11 01, 2023

FedFin on: An Implacable Problem With a Policy Solution

2023-01-11T16:47:56-05:00January 11th, 2023|The Vault|

As the Fed has hiked interest rates, mortgage rates have of course also gone up, sending a sudden chill through the residential market and putting home ownership even more out of reach for all but those for whom the home equity they still have after prices correct suffices for long-term wealth accumulation.  However, mortgage rates have often risen higher than expected from usual yield spreads and thus Fed tightening is even more excruciating not just for the mortgage market, but also for FHFA’s equitable-finance mission and the Fed’s hoped-for soft landing…

The full report is available to subscription clients. To find out how you can sign up for the service, click here.


7 09, 2022

FedFin: The Big Squeeze

2022-12-20T14:27:31-05:00September 7th, 2022|The Vault|

Reinforcing the sharp turn-around in housing markets evident since the Fed surprised markets with its first 75 bps hike, a new working paper from the San Francisco Fed provides the first hard evidence of how monetary-policy shocks in the U.S. hit listing prices hard and fast….

The full report is available to subscription clients. To find out how you can sign up for the service, click here.…

16 05, 2022

Karen Petrou: When the Fed Goes from Whatever-It-Takes to Anything-We-Can-Think-Of

2023-02-21T15:11:51-05:00May 16th, 2022|The Vault|

On Thursday, the Washington Post included an article on all the ways in which inflation hurts middle-income families, the acute shortage of baby formula, and the cooking-oil shortage’s cost impact in places ranging from a D.C. shop selling doughnuts to sub-Saharan Africa.  Other articles chronicled stablecoins’ instability even as stock markets wobbled precariously above going so deeply into correction that investors are not just chastened, but also cudgeled.  The same day, Chairman Powell won his second term by a wide margin even as he told Marketplace that he couldn’t promise a soft landing, didn’t mean to commit the FOMC to only fifty basis-point hikes, and knows how hard inflation hits for most households while being unsure that the Fed can do much about it.  What markets make of this muddle remains to be seen by those not too faint of heart to look.  What I know it means is that a White House under acute political pressure will ultimately do its best to transfer blame from 1600 Pennsylvania Avenue to 20th and Constitution at considerable cost to coherent policy.

One might discount my prediction of a political reckoning for the Fed by pointing to President Biden’s stout defense of his central bank last week when he tried to show the nation how much he was doing to quell inflation.  But a careful read of Mr. Biden’s statements shows a focus more on the Fed’s independence than on its skill.  So far, Secretary Yellen has persuaded White House …

28 03, 2022

Karen Petrou: Why the Fed Might Bail Out the Commodity Market

2023-03-27T15:57:01-04:00March 28th, 2022|The Vault|

In the midst of chaos, volatility always makes matters worse and this is very much the case with the commodities sector.  This has led to growing speculation that central banks will step in should unprecedented price swings show signs of systemic impact.  As we noted, we don’t know a central banker that wants to bail out commodities.  But none of them wanted to bail out anyone else either.  If market stress turns systemic, then central banks will step in.  Indeed, they may intervene even if stress seems manageable if they also believe that public welfare is at risk when core commodities go from pricey to prohibitive.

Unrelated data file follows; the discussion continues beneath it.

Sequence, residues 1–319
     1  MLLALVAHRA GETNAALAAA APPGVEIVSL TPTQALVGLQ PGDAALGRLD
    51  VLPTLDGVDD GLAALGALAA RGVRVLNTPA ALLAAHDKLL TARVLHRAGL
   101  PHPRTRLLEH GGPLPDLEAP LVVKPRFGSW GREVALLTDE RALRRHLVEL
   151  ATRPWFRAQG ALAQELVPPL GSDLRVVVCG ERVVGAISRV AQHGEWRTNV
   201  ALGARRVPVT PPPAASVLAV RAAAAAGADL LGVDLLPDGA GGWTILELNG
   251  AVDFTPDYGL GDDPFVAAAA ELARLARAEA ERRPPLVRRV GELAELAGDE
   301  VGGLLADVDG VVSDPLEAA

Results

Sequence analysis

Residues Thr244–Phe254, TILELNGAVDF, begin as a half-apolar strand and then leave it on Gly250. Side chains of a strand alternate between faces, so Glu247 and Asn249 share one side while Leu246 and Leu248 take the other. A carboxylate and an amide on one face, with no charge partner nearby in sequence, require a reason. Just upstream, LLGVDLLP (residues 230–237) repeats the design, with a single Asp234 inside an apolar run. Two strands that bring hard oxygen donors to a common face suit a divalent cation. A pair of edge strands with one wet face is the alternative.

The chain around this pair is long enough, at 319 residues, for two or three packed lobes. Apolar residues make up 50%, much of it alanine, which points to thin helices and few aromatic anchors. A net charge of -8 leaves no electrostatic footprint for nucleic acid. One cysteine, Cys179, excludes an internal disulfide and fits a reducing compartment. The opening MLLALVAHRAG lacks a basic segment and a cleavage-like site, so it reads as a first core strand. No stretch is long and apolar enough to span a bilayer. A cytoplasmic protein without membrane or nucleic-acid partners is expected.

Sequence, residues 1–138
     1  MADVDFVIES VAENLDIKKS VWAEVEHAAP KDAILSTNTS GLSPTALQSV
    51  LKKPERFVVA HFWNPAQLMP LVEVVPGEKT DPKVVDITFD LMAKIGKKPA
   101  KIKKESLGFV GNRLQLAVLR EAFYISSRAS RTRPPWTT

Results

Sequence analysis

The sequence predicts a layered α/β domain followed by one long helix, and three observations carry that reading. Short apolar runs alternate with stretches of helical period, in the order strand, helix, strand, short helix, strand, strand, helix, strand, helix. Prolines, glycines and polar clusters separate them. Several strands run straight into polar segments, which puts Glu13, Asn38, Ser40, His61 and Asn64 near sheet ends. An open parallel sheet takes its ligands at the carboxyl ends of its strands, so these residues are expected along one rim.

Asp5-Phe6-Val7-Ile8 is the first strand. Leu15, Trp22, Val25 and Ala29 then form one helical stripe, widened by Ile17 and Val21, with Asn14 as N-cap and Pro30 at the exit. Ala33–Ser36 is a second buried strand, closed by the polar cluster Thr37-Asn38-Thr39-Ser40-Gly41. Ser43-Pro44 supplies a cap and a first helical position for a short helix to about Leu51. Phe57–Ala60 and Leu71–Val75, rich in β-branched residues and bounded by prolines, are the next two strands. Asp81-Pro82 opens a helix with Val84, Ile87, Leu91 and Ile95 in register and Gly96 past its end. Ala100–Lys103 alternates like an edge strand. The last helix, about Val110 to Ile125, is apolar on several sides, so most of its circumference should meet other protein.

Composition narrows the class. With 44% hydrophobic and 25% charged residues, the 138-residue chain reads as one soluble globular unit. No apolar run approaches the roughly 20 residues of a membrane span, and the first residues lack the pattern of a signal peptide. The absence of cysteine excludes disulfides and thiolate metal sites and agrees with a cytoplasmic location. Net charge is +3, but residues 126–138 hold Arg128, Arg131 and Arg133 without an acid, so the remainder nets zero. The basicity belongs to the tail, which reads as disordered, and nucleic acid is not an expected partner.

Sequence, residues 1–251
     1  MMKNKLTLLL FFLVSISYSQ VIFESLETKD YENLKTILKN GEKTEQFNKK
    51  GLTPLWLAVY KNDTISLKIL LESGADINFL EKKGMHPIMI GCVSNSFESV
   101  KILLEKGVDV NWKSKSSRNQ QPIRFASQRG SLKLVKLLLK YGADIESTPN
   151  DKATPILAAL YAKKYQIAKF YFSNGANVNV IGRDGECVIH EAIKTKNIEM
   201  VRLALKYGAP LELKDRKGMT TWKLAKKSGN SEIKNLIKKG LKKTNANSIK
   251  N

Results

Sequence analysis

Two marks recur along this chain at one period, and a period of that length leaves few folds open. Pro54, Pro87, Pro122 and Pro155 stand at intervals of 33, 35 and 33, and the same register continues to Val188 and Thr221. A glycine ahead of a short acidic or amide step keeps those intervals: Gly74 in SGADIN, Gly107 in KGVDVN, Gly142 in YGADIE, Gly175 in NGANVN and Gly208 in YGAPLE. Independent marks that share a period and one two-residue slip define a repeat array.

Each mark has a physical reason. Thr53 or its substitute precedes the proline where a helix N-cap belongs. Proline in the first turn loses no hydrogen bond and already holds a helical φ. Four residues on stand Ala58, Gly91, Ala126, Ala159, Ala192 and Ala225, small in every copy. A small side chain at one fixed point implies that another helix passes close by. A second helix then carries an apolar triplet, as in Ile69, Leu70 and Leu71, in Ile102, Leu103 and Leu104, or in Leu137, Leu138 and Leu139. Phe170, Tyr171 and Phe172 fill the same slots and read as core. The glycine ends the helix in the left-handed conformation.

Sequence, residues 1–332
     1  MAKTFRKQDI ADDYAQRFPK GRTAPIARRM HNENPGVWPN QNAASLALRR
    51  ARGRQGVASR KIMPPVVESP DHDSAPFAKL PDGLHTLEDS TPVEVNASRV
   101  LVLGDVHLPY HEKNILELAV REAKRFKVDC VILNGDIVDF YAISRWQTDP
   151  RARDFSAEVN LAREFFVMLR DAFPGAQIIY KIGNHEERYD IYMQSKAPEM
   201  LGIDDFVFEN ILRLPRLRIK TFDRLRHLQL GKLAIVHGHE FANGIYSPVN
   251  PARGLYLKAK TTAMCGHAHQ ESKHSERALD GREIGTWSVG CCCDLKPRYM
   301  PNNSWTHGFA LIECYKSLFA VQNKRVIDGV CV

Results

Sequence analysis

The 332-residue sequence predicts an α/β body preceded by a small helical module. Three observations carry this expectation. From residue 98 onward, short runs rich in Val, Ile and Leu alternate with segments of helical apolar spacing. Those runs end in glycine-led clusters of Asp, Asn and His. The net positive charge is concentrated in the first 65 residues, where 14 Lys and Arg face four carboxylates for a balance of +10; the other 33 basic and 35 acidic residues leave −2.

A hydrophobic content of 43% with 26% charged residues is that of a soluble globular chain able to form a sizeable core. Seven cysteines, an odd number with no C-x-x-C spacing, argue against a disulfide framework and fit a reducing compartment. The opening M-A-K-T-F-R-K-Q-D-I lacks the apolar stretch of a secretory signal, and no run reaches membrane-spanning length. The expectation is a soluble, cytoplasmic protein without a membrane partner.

In the U.S., the Fed will resist calls to backstop commodities companies or traders for as long as it can by citing what it believes to be its limited mandate even as it argues that its anti-inflation policies will stabilize markets – just you wait.  However, whatever the Fed is able to do about inflation will take time and whatever it does about its portfolio to address inflation will exacerbate commodity-market stress.

Three possible sources of extreme volatility are already on the horizon.

First, there’s the liquidity stress sparked by CCP margin demands.  This was the culprit in the letter from energy traders to the European Central Bank and it’s at least as much of a factor in the U.S.  The more commodity-market volatility, the higher clearinghouse initial and variation margin demands and the harder it is to post eligible assets already scarce …

1 03, 2022

FedFin: Capital Grease for CRT Expansion

2023-04-04T14:46:28-04:00March 1st, 2022|The Vault|

As we noted late last week, FHFA has finalized revisions to its 2020 capital rule that most importantly lighten the GSEs’ capital load and reinvigorate credit risk transfer.  Deals from both Fannie and Freddie will come fast, but how furiously will depend also on externalities — i.e., how QT redefines RMBS demand and CRT pricing, what Ukraine does to market risk-on tolerance.

The full report is available to subscription clients. To find out how you can sign up for the service, click here.…

Go to Top